A Word About 1031 Exchanges

1031 exchanges don't have to be difficult, but it is critical that you understand a few modest but important requirements set forth by the Internal Revenue Service in order for your 1031 to qualify for deferred gain treatment and be considered compliant.

The Keys to 1031 Exchanging

The properties you expect to exchange must be 'Like-Kind' properties

The Internal Revenue Service requires that the property you sell, as well as the property you buy must be like-kind. And, like-kind means one of two things. Either property held for investment, or property held for income. And definitely not your personal residence.

YOU MUST UTILIZE THE SERVICES OF A QUALIFIED INTERMEDIARY

The IRS requires that your exchange be completed with the assistance of a Qualified Intermediary or Facilitator. This should be a well-established firm like FYNTEX, so you know that your exchange documentation will be correct and your exchange funds will be safe between the time you buy and the time you sell.

YOU HAVE A TOTAL OF 180 DAYS TO COMPLETE YOUR EXCHANGE

You must complete your sale and purchase within a total of 180 days or whenever your tax return is due. The tax return qualifier means that if you start your exchange late in the year, you might have to file for an extension in order to receive your full 180 days.

YOU MUST IDENTIFY CANDIDATE REPLACEMENT PROPERTIES WITHIN THE FIRST 45 DAYS

Now while you have a total of 180 days to complete your exchange, the IRS requires that you identify some candidate or target Replacement Properties within the first 45 days of your exchange period. Usually this identification is made to your Qualified Intermediary by completing a form which is kept in your exchange file.

Types of 1031 Exchanges

There are a few different types of tax deferred exchanges, depending upon your property and the goal of the transaction. Here are the three main Internal Revenue Code Section 1031 exchange categories.

Deferred Exchange

These are the most common 1031 exchange transactions in which you have 45 days to identify the property you'd like to acquire, and 180 days to complete the sale and all of your purchases.

Improvement Exchange

Sometimes Exchangers need to construct a new Replacement Property or at least improve the property they are acquiring before taking title. This is known as an Improvement Exchange.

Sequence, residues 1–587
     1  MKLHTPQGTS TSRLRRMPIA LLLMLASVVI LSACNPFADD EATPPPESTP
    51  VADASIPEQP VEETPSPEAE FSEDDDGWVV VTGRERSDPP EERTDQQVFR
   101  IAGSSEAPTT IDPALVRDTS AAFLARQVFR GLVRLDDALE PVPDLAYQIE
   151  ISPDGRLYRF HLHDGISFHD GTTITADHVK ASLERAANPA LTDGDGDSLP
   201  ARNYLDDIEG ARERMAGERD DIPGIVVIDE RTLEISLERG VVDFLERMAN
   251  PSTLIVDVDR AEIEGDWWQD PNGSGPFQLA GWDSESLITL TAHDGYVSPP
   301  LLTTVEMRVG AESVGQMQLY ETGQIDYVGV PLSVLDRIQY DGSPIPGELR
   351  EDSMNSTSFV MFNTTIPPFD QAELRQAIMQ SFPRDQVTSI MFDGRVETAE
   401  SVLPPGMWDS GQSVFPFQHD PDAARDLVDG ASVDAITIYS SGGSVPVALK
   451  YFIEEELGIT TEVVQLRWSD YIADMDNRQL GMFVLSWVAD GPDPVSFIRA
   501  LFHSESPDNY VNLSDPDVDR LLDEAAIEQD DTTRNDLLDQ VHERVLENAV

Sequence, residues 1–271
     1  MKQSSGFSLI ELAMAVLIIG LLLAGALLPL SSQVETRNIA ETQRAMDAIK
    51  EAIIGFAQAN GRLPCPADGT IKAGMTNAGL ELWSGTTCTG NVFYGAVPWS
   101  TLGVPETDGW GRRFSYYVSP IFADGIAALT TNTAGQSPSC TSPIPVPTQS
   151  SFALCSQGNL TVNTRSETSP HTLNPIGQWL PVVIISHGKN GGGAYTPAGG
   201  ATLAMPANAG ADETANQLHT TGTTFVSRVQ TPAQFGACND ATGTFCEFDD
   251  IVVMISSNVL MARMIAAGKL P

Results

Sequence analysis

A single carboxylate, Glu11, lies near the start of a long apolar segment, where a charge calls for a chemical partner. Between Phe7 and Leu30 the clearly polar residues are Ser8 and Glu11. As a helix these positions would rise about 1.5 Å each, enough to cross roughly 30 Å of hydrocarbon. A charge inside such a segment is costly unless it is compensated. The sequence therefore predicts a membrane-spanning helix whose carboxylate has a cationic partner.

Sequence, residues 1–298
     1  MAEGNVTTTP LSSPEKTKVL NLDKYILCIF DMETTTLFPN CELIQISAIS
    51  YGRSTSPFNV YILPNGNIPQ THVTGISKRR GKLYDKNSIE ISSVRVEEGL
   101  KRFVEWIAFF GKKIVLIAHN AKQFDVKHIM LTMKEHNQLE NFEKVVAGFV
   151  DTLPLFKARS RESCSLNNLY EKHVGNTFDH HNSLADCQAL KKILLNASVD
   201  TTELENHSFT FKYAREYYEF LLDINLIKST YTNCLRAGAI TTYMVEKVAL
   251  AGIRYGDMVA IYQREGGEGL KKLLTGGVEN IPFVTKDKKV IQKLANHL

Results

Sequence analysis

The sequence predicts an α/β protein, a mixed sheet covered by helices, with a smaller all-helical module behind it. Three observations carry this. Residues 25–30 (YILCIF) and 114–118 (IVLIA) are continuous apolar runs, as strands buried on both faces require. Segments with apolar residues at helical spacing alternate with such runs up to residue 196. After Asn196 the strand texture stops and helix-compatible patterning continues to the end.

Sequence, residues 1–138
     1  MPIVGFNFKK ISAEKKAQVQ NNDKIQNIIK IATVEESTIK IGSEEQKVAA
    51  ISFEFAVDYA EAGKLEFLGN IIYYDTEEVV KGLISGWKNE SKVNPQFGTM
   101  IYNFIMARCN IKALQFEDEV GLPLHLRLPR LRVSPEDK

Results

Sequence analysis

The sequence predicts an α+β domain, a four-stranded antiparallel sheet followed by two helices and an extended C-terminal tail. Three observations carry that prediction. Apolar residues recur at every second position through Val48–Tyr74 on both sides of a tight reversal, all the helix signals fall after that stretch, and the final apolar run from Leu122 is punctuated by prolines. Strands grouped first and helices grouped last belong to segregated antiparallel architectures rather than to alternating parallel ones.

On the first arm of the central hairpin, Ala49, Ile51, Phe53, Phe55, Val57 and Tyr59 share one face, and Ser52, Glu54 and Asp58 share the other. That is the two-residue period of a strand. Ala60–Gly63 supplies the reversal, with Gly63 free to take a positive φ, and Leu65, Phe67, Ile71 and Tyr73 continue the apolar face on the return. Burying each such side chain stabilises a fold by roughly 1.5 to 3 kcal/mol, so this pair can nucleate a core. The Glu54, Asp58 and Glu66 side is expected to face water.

Reverse Exchange

There are times when circumstances dictate that you must buy before you sell. This is known as a Reverse Exchange. Reverses can be more complicated, but they are often an effective strategy.

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Avoid These 1031 Exchange Pitfalls

There are a few specific pitfalls which experienced Exchangers always avoid, and with which you should be familiar.

Pitfall #1: Ensure that your exchange proceeds are going to be handled safely by your Qualified Intermediary during the term of your exchange. In most cases this means you should insist that your funds are held in a Qualified Escrow Account at a major bank. This is not only the safest way to have your funds deposited, it also restricts the movement of any exchange funds without the Exchanger's explicit written approval, as well as that of a Bank Officer.

Pitfall #2: In addition, start looking for Replacement Property absolutely as early as possible. The 45 day identification period moves very quickly. Especially in a hot market where there are more Buyers than Sellers.

Historical Facts about 1031 Exchanges

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Annual 1031s

1st Exchange

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ID period

Selecting a Qualified Intermediary

Since the 1031 exchange industry remains largely unregulated, it is important for Exchangers to select an established and experienced Qualified Intermediary with the proper approach and appropriate processing protocols. Here are a few items every Exchanger should insist upon:

  • Technical and Processing Expertise

  • Significant Experience as a Facilitator

  • 24/7 Exchanger Visibility

  • True Funds Security via a Qualified Escrow Account

  • Advanced data security and encrypted communications

1031 Exchange Tutorials and Tools

EASY 1031 EXCHANGE MATH

A completed 1031 exchange not only defers capital gain and depreciation recapture taxes, it dramatically increases your buying power as well. The IRS allows you to defer your capital gain taxes because they view it as simply moving your cost basis from one qualifying property to another.

DETERMINE REPLACEMENT PROPERTY VALUE

It is also important to understand how the underlying math can impact the value of the Replacement Property you desire. Remember, to have a totally tax deferred exchange you need to 1) buy equal or greater than your net selling price 2) move all equity from the old property to the new property, and 3) replace your debt.

USING THE REPLACEMENT VALUE CALCULATOR

The calculator below will help you determine your ideal net purchase price, cash downpayment, and the amount of debt you'll need to have a totally tax deferred transaction.

1031 EXCHANGE QUESTIONS?

Use this form to ask your question or call our trusted 1031 exchange Partner Fyntex at 877-345-1031.